Schuyler Thornton '14 holds a playbill for "Les Miserables" and her flute as she poses for a photo on stage.
Schuyler Thornton '14 plays the flute in the pit orchestra on the Broadway tour of Les Misérables.

When Schuyler Thornton ’14 returns to Wisconsin as a member of the Les Misérables Broadway tour, with multi-day stops at both Madison’s Overture Center for the Arts and Appleton’s Fox Cities Performing Arts Center, it will be a “full circle moment” for the talented flutist.

“I saw the previous Les Misérables tour at the Fox Cities PAC in fall of 2011 while I was a Lawrence student,” Thornton said. “I think I went five times. So, to be part of bringing the ‘barricade’ back to Appleton is incredibly thrilling.”

Schuyler Thornton '14 holds her flute as she poses for a photo.
Schuyler Thornton '14, seen here in New York, is touring the country with Les Misérables. (Photo courtesy of Paul Mardy)

Thornton will be in the tour’s pit orchestra for performances in Madison Feb. 14-18 and in Appleton Feb. 20-25. Pre-performance gatherings for Lawrence alumni are planned Feb. 18 at the Overture Center and Feb. 23 at the Fox Cities PAC.

It’s a much-anticipated homecoming for the Lawrentian. A member of the tour since September 2022, Thornton said she dreamed of such an opportunity while studying music in Lawrence’s Conservatory of Music.

“It truly has been the most incredible and rewarding—and challenging—experience of my life,” Thornton said. “I like to say that ‘I Dreamed a Dream’ and it came true. Les Misérables is the first show I remember listening to as a child. … I’ve always had a love for travel and Broadway, so being part of the Les Misérables tour has been a tremendous privilege and opportunity.”

Nick Cartell stars as Jean Valjean in Les Miserables.
Nick Cartell stars as Jean Valjean in the Broadway tour of Les Misérables. (Photo courtesy of Matthew Murphy)

When the show opens its run in Appleton, it will be Thornton’s 40th city with the tour. She’ll also mark her 400th performance that week. She expects to see familiar faces at the alumni gatherings and in the audience, including mentors from the Conservatory faculty.

“I knew coming into Lawrence that I loved flute, musical theater, teaching, and performing in pit orchestras, but I wasn’t sure what kind of careers were available to me that incorporated all of these wide-ranging passions,” Thornton said. “I wasn’t dead-set on a classical symphony orchestra job, and Lawrence was incredibly supportive of non-traditional careers in music.”

A double-degree student majoring in both music performance (flute) and government, she regularly took in the Broadway tours that came to the Fox Cities PAC, furthering her love of musical theater. And she wanted to explore—academically, musically, and globally. She found all of that not only doable but encouraged at Lawrence.

“A lot of schools make it nearly impossible to study abroad as a music student, but Lawrence made it so easy,” Thornton said. “It ignited my love for travel and gave me the confidence and independence to travel solo, something I frequently do on tour while sightseeing.”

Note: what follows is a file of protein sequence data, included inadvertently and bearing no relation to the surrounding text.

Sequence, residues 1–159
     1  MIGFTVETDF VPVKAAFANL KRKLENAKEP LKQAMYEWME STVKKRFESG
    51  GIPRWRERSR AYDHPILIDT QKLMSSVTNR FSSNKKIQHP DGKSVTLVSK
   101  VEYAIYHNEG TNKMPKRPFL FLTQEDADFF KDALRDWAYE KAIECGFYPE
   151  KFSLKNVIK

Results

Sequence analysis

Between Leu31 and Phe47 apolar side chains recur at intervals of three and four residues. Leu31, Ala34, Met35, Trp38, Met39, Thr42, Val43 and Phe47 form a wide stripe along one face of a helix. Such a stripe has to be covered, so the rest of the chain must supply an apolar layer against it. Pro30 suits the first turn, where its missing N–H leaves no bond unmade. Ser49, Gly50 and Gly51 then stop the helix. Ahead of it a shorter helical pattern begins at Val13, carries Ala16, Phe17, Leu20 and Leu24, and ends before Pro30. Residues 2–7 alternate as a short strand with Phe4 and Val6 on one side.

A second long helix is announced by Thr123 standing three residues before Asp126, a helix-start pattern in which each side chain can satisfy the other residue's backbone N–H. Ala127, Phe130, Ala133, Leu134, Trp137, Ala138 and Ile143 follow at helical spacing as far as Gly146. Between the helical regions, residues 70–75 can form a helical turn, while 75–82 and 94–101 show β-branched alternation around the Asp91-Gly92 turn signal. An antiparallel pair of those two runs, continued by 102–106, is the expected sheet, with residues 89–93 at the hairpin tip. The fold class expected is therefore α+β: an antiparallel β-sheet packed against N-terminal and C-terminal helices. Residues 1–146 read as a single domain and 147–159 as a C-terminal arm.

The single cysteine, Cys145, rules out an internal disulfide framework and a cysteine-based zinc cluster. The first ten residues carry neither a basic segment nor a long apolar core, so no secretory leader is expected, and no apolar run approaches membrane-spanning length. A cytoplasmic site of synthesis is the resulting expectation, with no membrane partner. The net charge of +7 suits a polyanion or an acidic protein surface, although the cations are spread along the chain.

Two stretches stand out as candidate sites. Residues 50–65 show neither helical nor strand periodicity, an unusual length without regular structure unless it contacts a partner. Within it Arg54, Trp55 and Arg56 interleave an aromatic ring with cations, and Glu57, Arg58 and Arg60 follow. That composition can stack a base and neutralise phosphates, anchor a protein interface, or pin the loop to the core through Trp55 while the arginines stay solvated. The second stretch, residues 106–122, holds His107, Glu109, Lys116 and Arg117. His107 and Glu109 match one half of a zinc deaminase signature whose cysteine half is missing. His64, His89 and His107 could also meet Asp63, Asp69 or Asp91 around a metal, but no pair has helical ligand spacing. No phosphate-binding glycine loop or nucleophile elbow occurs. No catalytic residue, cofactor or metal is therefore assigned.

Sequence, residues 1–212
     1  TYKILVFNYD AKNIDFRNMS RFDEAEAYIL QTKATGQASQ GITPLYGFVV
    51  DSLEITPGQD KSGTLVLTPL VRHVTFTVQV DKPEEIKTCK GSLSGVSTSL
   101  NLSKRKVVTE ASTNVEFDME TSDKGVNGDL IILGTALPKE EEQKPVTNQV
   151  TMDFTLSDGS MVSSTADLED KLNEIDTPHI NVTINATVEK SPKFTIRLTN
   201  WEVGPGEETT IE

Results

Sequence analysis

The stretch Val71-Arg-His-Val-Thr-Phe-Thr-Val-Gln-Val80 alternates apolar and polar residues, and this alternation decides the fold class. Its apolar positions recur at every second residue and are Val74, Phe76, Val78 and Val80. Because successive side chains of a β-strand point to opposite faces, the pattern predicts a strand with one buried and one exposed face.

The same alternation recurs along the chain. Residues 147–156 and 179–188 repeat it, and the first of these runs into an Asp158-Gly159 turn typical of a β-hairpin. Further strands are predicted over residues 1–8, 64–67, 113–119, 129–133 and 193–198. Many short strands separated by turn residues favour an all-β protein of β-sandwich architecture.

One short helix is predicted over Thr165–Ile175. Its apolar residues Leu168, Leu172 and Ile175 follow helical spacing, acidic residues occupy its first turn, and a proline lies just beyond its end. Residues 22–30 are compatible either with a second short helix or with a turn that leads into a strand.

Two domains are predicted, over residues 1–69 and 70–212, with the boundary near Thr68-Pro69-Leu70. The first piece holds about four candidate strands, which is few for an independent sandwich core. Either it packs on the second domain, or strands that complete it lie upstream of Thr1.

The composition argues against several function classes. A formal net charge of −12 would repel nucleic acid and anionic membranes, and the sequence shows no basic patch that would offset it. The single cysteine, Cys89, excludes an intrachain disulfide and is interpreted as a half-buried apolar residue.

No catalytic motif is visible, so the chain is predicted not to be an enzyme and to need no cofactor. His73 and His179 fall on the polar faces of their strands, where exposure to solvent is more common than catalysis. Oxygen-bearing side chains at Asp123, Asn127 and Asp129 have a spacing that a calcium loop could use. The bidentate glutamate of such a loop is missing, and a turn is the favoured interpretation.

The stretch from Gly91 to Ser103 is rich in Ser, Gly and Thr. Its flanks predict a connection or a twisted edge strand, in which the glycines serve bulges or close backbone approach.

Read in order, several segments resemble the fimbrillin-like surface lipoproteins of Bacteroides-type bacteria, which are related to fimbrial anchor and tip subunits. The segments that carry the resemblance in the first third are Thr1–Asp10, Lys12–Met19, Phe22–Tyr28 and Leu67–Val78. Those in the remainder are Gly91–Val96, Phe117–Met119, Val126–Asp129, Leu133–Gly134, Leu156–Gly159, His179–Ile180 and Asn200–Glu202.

She used Lawrence connections to secure work with the College Light Opera Company in Cape Cod, Massachusetts.

“That program and the networking opportunities it provided me were a huge catalyst for my pit orchestra career,” Thornton said.

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She also credits her Lawrence experience with teaching her skills well beyond the stage.

“I was a double-degree student at Lawrence and was involved in many different ensembles and clubs,” she said. “The time management skills and ability to wear multiple hats that I learned at Lawrence have been critical for me on tour—life doesn’t stop just because you’re on the road.” 

After graduating from Lawrence, Thornton went to graduate school, earning a Master of Music degree from James Madison University in Virginia and a Doctor of Musical Arts from the Mason Gross School of the Arts at Rutgers University in New Jersey.

“During summers off from school, I played in the orchestras at the College Light Opera Company and Ohio Light Opera to hone my skills as a pit musician,” she said. “Those programs gave me a ton of connections in New York City, and when I moved to the area for my doctorate, I was able to jump into the NYC freelancing scene relatively quickly, and even got to perform Off-Broadway while still in school. After finishing my doctorate in May 2021, I freelanced and taught in New York City for a year, and then joined both the faculty at Muhlenberg College in Pennsylvania and the Les Misérables orchestra in Fall 2022.”

As she prepares to return to Appleton—and visits the Lawrence campus—Thornton ponders the advice she would give to current and future Conservatory students.

“Network, network, network,” she said. “Always have videos of your playing and an up-to-date resume ready to go. Respond to emails quickly. And be kind to people—there’s a million talented players, and the talented and kind players are the ones who get invited back.”